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How to push your staff to contribute to your blog

14th May 2018
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When you manage a website for a small business, there’s no better way to make it more discoverable than by regularly posting on your blog. But small business owners struggle to find the right people to craft quality prose. However, in many cases, your talent is right in your backyard.

Your team members are among some of the best people to turn to for great, effective copy. Who else knows your brand better than the people that work for you? Who else can create a helpful blog post about the intricacies of a product better than your own customer service team? Far too often, employers are quick to turn to third-party freelancers to get the job done. And while there’s nothing wrong with a solid freelancer, especially if you don’t yet have a fully-formed team of your own, you should turn to your staff first. You may be met with hesitance, but it’s  more than possible to overcome this hurdle. Here are a few ways you can achieve this:

Incentivize Them

There’s nothing quite like a good old-fashioned reward. Writing is no easy job, and with a little incentivizing, you can help get the creative ideas flowing. There are different ways you can do this, depending on your budget. Sometimes, though, positive reinforcement is really all it takes. Platforms like 7Geese make it easy to track shares and views of every post. Set up reminders for when posts exceed a goal, and give that person recognition for the achievement. This will help them see that their work isn’t just doing well, but helping the company reach their goals and bettering the brand’s long-term reputation.You can also offer gift cards to people whose posts successfully reach important milestones, or offer writers the ability to work from home as they craft their blog posts. Little incentives go a long way, but they really depend on your office culture and specific business. For example, as a clothing store, you might offer store credit/free items, but as a service-based business, you might want to offer monetary or office perks. In a nutshell, here are a few ideas:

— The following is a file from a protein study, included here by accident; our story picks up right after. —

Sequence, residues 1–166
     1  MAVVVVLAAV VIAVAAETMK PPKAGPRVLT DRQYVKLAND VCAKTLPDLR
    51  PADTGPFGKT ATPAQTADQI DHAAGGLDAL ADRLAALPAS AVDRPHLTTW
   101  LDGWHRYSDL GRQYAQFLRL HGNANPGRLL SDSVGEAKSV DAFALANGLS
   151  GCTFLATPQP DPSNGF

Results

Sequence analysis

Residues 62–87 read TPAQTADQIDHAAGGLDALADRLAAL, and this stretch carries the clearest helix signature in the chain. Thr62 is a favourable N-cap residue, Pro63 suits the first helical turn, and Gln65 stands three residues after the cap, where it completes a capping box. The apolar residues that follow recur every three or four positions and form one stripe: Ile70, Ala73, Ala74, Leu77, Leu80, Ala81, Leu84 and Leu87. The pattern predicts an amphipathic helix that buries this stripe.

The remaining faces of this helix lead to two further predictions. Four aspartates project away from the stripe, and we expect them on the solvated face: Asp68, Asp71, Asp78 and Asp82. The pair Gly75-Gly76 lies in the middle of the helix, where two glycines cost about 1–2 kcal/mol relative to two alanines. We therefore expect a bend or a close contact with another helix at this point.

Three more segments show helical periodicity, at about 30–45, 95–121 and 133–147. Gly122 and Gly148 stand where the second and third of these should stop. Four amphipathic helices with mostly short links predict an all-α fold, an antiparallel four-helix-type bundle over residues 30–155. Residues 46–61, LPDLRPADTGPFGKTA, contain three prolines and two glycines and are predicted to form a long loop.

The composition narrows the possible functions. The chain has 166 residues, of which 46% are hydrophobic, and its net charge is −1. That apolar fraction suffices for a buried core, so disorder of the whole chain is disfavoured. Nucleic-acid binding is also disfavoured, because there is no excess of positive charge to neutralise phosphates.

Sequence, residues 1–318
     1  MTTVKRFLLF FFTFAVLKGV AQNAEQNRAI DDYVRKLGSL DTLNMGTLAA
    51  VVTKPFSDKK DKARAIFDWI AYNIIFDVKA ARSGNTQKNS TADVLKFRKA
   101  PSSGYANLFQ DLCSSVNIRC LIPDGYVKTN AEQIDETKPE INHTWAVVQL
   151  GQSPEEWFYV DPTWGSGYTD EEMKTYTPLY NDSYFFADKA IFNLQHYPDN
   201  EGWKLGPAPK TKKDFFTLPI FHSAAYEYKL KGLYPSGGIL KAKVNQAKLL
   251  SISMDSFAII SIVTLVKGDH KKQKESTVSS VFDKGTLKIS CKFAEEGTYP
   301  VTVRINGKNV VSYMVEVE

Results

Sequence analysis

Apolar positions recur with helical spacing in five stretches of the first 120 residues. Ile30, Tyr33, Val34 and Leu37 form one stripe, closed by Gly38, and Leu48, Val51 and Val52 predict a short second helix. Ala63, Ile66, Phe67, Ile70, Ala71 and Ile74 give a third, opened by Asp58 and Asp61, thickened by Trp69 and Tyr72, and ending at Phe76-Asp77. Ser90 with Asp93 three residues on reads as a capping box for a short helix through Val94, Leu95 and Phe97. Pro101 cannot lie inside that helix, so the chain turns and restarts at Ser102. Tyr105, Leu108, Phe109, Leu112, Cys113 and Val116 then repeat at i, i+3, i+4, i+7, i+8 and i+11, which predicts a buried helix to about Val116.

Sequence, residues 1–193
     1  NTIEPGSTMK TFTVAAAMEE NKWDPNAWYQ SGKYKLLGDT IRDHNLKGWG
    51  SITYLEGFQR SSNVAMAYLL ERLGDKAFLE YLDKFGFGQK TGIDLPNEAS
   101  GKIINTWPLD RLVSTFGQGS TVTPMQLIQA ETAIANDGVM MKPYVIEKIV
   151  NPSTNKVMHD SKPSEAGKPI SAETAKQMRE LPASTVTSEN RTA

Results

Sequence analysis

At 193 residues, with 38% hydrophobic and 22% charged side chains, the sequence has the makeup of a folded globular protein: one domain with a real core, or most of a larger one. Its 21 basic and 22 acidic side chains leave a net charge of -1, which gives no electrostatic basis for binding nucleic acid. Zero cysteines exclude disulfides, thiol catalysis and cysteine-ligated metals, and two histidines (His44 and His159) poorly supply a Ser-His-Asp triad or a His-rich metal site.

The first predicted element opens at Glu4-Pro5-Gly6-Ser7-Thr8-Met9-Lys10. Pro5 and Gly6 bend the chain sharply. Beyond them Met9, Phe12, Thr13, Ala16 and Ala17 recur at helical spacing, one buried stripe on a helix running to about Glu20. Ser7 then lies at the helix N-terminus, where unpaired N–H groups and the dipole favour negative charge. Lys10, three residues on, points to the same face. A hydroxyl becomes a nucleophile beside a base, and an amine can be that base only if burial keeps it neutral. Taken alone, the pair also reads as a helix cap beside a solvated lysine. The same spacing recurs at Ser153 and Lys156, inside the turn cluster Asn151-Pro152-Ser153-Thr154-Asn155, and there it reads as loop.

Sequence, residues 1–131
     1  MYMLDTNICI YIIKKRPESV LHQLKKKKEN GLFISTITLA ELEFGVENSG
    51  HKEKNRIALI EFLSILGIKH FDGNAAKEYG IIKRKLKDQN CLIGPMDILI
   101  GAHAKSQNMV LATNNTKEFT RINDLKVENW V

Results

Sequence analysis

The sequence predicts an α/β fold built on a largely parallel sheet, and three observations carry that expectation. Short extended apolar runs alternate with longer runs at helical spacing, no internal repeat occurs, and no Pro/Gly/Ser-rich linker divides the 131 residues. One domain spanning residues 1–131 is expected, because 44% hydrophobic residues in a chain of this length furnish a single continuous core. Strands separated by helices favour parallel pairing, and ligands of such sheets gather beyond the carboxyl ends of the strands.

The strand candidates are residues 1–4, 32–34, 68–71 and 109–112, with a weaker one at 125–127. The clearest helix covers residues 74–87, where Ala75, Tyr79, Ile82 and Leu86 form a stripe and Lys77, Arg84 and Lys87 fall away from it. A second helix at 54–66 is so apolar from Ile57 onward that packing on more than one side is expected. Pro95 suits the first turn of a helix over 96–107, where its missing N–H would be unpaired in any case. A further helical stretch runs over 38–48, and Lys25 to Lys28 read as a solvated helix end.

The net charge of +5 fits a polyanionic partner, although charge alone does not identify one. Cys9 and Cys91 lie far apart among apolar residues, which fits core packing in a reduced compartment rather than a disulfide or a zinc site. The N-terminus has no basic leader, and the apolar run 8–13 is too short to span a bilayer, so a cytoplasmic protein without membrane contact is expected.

• Remote work day option
  • Take a half day when blog is published
  • Gift cards
  • Free or discounted merchandise
  • Offer a byline (put their name as the author of the post, rather than having them produce a ghostwritten piece)
  • Name a product or participate directly in the production process

Make It Easy For Them

Half the difficulty of writing blog posts is coming up with ideas. Even if a team member is happy to write a blog post, they might not be confident in their ability to come up with ideas that would pass approval, and the idea generating process alone can be very time-consuming.

For this reason, you should start a list of blog post ideas that your team can work off of. Preferably, you’ll keep this list in a collaborative folder via a program like Google Sheets. This way, you can arrange your Blog Opportunities any way you see fit: perhaps you’d use different tabs for various categories, or keep seperate tabs for blogs that have already been published or blog posts you draw inspiration from.

You can take this a step further by creating bullet points for each title, which can keep organized in your Sheet under a “description” column. These bullet points create a foundation with which your staff can work off of. When they feel guided in their writing, they’re able to create copy that’s much more confident.

To help you come up with some blog ideas, you can use some free and paid tools. These include Hubspot’s Blog Idea Generator, BuzzSumo, and Portent’s Content Idea Generator.  As a human resources blog, there are tons of different types of content HR Zone can leverage for our readers. To give you an example of the blog posts ideas these tools might generate, here are some titles we received when we received with Hubspot’s Blog Idea Generator. The tool allows you to begin your topic search with three nouns. We used “human resources,” “office,” and “company culture.” Here are the results:

  • “How To Solve The Biggest Problems With Human Resources”
  • “What Will Your Office Be Like In 100 Years?”
  • “Think You’re Cut Out For Building Company Culture? Take This Quiz”
  • “10 Quick Tips About Office Etiquette”
  • “Why We Love Human Resources (And You Should, Too!)”

The grammar in the results isn’t always the best, and sometimes the generator can get confused by different nouns, but it’s still a great place to start your search. As another example, when we typed in “workplace culture” in the Potent Idea Generator, we were given the headline, “The Only Workplace Culture Resources You Will Ever Need.”

Play Onto Their Strengths

Every team member has various strengths, and these might be ideal for the department they’re in. Instead of asking them to be a writer overnight, play onto their strengths. You can always edit completed work yourself, or hire a freelance editor to polish the work of employees who don’t have the best writing skills. What’s important is that you don’t confine them to a rigid set of editorial guidelines.

If your graphic designer wants to give writing a go, let them dress up their piece with a visually-appealing infographic. Or, if you’ve got a developer who wants to create a calculator to help visitors see how much money they could save by using your product, let them do so. This might make it easier for them to tell the story they want to tell. You’d also be surprised at how easy it is to allow your team to write copy that deals with not only their personal strengths, but their personal interests, too.

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